Much to commend here especially the end where you see your way through to the value of what is taking place. But that such behavior is “obviously…threatening and offensive” is not at all obvious. Taking offense here is a question of eschewing a wise response to the gesture that has taken place. The threat is nothing real except that one of the overall situation of the defections from authorized historical communities and their rituals. That is not a threat against anyone or any religion from the outside but a matter internal to the community.I was also amused by the mercantilist trope of someone partaking without having contributed to the spiritual capital, no value added. I think the situation works quite the reverse: it’s an investment. Sally Quinn is the one who looks a tad foolish here — until this article makes such a big deal of her dalliance.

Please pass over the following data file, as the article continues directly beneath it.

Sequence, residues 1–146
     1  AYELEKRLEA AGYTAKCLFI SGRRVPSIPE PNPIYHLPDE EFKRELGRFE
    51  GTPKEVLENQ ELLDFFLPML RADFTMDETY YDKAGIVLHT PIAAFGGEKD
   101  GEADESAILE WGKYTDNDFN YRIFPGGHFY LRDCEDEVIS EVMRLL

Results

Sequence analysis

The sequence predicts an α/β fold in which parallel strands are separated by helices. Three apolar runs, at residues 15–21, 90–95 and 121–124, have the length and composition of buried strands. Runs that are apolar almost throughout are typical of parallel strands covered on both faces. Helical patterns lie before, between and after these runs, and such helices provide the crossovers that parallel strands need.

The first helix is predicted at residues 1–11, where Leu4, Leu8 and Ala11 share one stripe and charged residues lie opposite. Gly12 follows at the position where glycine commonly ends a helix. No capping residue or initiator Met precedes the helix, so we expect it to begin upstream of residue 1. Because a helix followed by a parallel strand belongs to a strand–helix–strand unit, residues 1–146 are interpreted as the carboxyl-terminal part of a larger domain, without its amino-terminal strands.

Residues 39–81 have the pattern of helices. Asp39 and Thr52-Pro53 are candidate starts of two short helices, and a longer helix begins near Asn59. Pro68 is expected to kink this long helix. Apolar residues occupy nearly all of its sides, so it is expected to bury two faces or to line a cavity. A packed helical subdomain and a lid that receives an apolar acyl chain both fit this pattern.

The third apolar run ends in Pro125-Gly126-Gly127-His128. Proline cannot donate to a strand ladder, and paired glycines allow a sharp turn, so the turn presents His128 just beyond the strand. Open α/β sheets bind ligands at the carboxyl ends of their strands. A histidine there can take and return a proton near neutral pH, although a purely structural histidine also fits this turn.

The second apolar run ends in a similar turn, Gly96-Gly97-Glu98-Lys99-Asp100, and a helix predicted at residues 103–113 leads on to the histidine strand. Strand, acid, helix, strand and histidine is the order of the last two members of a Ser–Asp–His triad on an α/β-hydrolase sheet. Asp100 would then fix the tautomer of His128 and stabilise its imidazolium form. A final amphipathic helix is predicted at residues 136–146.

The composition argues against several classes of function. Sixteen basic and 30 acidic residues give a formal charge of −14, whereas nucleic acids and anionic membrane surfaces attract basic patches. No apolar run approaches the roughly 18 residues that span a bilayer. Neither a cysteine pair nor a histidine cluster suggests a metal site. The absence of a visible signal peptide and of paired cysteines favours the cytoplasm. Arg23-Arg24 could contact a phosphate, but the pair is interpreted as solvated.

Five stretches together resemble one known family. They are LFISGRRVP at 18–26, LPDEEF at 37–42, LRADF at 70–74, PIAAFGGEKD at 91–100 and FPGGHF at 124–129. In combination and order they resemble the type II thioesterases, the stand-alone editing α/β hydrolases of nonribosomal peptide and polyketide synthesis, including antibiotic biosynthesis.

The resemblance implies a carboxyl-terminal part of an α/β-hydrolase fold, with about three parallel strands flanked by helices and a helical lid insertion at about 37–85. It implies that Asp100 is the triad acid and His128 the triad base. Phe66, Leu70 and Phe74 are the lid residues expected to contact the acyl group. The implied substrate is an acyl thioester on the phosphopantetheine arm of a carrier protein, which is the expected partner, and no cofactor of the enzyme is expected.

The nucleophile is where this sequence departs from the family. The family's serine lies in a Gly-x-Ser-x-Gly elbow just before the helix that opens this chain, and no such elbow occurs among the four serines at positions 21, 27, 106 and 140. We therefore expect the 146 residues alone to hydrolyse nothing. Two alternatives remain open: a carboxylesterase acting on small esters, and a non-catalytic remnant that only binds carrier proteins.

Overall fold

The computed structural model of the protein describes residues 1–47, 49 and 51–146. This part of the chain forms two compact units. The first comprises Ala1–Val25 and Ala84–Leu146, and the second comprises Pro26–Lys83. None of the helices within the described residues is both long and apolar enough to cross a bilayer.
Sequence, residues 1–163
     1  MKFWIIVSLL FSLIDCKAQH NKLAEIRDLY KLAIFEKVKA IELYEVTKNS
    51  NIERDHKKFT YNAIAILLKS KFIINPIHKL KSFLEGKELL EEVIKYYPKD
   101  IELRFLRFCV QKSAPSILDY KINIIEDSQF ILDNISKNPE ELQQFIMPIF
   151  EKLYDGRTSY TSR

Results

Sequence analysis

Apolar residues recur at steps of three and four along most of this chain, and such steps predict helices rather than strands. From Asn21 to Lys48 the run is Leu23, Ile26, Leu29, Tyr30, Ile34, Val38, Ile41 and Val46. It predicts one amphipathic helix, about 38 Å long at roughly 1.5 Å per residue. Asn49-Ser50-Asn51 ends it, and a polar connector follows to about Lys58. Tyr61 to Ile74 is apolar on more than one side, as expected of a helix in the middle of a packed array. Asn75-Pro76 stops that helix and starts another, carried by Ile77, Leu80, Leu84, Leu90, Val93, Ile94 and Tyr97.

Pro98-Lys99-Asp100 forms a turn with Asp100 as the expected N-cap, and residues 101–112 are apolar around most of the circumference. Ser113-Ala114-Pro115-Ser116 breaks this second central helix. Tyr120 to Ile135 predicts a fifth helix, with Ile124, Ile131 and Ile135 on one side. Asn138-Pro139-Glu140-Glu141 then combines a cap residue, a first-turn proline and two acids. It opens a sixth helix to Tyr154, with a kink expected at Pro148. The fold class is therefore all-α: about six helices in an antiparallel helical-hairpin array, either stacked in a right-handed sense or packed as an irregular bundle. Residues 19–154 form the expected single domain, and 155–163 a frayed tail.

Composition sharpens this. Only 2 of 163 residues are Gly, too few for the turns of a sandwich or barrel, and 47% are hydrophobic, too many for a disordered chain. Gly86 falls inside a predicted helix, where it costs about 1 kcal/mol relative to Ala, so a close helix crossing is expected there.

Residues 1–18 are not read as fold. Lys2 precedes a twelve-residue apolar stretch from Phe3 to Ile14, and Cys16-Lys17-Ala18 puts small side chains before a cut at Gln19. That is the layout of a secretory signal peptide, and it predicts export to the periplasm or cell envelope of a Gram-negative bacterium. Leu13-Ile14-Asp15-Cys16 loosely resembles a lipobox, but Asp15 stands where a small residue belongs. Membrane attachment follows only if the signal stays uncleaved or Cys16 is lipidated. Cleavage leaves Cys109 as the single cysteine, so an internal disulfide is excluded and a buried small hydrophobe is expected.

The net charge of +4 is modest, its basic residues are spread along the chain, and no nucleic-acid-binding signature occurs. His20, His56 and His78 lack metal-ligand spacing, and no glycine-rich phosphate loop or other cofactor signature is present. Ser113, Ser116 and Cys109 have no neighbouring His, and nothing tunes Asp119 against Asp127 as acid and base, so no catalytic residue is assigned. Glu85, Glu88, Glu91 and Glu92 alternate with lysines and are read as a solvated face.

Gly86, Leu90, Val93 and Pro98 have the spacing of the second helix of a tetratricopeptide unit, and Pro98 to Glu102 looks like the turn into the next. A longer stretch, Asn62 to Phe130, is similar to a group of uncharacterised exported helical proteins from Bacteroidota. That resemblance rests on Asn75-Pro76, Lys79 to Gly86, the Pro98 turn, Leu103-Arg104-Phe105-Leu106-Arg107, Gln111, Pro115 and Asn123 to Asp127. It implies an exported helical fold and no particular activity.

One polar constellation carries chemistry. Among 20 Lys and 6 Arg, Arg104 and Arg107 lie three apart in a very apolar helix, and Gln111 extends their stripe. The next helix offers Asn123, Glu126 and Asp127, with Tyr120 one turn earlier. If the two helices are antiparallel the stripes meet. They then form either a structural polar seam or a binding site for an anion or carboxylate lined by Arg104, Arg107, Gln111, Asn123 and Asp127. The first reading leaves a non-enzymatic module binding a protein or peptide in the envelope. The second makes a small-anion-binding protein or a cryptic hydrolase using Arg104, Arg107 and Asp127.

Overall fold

• kj